In many parts of the country, Canadians are now reporting a growing number of empty grocery store shelves. It’s happening here, in the United States, and in many other parts of the industrialized world; it’s not just a Canadian phenomenon.
Before Omicron, empty shelves were already visible, but few noticed. They were sporadic in the fall as supply chain woes continued, and our food industry was essentially experiencing supply chain fatigue. After many months of dealing with public health protocols, labour issues, and higher input costs (which tends to create more tension across the supply chain), something had to give.
But due to its viral viciousness, Omicron just made matters worse. Most food companies, from farm to store, have been operating with 20 to 30 percent fewer people available to handle the work. And most of the time, the labour involves perishable goods. For many farmers, processors and retailers, waiting is just not an option.
The storyline for January 2022 at the grocery store is not the same as it was in March 2020. Far from it. Most concerningly, supply chain issues are the driving factor behind food shortages and rising costs—not consumer demand. Shortages of both toilet paper and food were the result of consumer panic coupled with a collapsing food service industry. This time around, supply chain challenges are Omicron, the winter weather, and (of course) public health measures at the border, which may have compromised its fluidity.
Nevertheless, while Omicron was a “gut punch” to the food industry, vaccine mandates for truckers are robbing the industry of the oxygen it desperately needs right now.
Canadians are likely underappreciating how the border is so critical to North America’s food security. Whether you are for or against global trade, Canada has an unforgiving northern climate, along with a moderate population size living in one of the world’s largest geographic areas. Unless a sector builds a significant competitive advantage, and some have, it is difficult to produce food in Canada while keeping affordability for consumers in check. The vaccine mandate disqualified anywhere between 8,000 to 16,000 Canadian truckers from crossing the border; on the American side, about 125,000 drivers. With such a high absence of people, food access will undoubtedly become an issue.
Additionally, if food continues to cross the border, and it probably will, expect that food to be more costly. To motivate truckers to cover the Canadian market will likely come at a price. Reports suggest that getting a truck to cover the Canadian market is 25% more expensive compared to just a few days ago. Higher logistical costs, like anything else involving the supply chain, will catch up to consumers. That’s the reality of supply chain economics. And with fewer people driving around, major buyers will be prioritized over smaller ones. Many processors will have a harder time getting the ingredients they need to manufacturer the food we buy every day, on both sides of the border.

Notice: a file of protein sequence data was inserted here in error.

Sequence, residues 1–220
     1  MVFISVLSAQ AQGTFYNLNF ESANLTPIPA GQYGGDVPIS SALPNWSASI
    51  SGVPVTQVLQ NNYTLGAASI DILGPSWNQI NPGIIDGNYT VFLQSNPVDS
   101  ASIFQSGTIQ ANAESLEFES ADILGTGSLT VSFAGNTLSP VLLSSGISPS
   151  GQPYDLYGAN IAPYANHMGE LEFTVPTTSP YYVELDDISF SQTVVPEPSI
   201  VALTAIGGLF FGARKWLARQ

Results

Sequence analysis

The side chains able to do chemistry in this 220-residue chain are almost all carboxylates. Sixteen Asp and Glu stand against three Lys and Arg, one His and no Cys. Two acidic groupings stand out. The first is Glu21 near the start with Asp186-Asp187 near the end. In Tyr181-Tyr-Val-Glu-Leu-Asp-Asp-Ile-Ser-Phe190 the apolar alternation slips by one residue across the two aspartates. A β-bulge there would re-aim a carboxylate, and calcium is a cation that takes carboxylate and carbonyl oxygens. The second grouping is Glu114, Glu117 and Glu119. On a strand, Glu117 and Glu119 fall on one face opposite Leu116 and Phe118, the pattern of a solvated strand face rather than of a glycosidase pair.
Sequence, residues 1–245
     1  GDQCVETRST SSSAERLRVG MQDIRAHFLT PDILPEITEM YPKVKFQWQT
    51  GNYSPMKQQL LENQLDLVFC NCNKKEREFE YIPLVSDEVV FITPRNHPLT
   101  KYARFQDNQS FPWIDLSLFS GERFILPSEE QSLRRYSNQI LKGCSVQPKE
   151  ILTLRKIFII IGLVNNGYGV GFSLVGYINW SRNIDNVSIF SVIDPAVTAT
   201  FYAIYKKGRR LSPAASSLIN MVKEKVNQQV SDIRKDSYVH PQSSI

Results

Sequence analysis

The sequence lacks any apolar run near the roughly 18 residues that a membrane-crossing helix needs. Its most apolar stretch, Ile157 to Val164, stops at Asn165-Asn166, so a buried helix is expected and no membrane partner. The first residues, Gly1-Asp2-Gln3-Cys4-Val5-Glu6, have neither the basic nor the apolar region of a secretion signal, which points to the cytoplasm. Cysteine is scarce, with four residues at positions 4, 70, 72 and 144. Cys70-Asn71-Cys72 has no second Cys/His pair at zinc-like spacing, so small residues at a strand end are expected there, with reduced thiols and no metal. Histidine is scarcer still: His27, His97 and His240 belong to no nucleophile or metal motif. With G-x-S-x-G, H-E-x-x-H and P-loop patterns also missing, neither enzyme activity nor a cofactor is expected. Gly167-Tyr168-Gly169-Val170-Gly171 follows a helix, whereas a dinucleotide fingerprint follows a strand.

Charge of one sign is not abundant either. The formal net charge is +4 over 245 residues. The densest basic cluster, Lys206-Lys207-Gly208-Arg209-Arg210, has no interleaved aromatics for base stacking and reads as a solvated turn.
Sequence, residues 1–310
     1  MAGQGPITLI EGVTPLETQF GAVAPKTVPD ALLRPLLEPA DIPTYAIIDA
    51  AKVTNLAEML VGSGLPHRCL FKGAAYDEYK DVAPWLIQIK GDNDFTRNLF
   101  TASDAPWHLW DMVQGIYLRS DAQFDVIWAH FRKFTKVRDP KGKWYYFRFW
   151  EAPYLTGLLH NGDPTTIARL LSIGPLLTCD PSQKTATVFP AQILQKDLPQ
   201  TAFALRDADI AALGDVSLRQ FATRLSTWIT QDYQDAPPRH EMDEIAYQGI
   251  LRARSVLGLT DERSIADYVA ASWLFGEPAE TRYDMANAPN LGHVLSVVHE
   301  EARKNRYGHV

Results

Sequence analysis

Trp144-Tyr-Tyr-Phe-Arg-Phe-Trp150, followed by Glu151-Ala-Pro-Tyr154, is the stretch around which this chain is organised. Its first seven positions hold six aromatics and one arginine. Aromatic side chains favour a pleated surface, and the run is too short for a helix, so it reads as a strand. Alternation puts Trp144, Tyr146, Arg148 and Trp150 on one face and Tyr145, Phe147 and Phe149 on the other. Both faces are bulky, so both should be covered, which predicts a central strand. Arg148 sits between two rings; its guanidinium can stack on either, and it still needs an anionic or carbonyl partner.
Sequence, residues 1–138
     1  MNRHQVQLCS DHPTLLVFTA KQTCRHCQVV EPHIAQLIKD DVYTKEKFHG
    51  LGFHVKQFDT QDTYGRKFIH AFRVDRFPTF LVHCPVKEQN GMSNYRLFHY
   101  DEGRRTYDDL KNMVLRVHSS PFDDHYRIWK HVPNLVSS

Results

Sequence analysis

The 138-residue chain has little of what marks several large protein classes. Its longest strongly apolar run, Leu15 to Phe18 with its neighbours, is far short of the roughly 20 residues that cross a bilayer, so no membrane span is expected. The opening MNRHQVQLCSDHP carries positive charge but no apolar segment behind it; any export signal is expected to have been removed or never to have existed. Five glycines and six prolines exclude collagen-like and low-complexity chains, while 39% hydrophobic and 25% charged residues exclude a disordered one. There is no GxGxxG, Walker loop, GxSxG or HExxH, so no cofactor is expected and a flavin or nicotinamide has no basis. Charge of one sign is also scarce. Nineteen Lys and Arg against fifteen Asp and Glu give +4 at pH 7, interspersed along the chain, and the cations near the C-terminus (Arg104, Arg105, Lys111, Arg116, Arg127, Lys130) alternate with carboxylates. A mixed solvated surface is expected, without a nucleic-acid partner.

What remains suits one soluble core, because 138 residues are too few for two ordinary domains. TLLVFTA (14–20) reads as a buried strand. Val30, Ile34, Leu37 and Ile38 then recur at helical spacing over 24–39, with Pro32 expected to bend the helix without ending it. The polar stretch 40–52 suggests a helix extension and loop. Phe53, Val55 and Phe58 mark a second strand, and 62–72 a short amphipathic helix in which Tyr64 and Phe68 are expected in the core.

With food distribution, short-sighted government interference can generate market failures, more disruptions and, yes, more empty shelves at the grocery store.
However, the food industry has been able to deal with a lot over the past several decades. The pandemic has been nothing if not challenging, but it has continued to execute and deliver the goods, despite some government-level lack of forethought. The regulatory environment has always been a pain for the food industry, and always will be. The pandemic is no different. Canadians should not underestimate how resilient our food industry is. Consumers may not always find what they want at times, but they will always find what they need at the grocery store. This is due to the work and effort of companies, and people willing to deal with whatever is thrown at them.
Now, a trucker convoy against vaccine mandates at the border has raised almost $800,000. The convoy will continue into next week. It blames news outlets for the collective “COVID-19 hysteria”, as it’s called. Truckers have every right to protest, but transporting goods is what we need them to do. The convoy itself is not likely to make much of a difference.
Meanwhile, Canadian consumers should know they will be fine. Operations across the supply chain are incredibly choppy right now, but they will continue to find what they need, albeit with fewer choices. Some of the choppiness is policy-induced, but it is what it is. Still, expecting perfection at the grocery store for the next little while would be unreasonable.